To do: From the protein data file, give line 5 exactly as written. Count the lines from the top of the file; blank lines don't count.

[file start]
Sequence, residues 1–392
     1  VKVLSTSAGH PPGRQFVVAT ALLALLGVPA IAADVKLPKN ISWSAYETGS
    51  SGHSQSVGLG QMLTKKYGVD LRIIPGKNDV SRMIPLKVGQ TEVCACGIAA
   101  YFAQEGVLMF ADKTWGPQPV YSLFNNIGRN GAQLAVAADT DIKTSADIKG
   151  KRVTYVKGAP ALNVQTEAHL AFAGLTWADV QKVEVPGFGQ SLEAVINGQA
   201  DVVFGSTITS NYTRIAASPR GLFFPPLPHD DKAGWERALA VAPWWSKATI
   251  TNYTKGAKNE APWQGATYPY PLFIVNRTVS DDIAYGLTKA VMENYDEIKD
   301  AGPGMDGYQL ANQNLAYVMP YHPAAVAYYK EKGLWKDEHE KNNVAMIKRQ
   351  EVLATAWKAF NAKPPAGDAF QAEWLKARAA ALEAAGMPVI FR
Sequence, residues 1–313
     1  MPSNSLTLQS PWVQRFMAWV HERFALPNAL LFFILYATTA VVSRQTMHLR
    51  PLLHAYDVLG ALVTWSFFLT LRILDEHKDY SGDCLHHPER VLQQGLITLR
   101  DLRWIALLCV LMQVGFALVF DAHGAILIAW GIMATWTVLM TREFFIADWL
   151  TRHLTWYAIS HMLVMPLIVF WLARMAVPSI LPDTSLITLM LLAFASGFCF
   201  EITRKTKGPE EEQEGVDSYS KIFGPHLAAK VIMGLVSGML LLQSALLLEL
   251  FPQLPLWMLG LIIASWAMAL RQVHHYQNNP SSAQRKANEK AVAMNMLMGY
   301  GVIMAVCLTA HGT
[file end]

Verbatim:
   151  KRVTYVKGAP ALNVQTEAHL AFAGLTWADV QKVEVPGFGQ SLEAVINGQA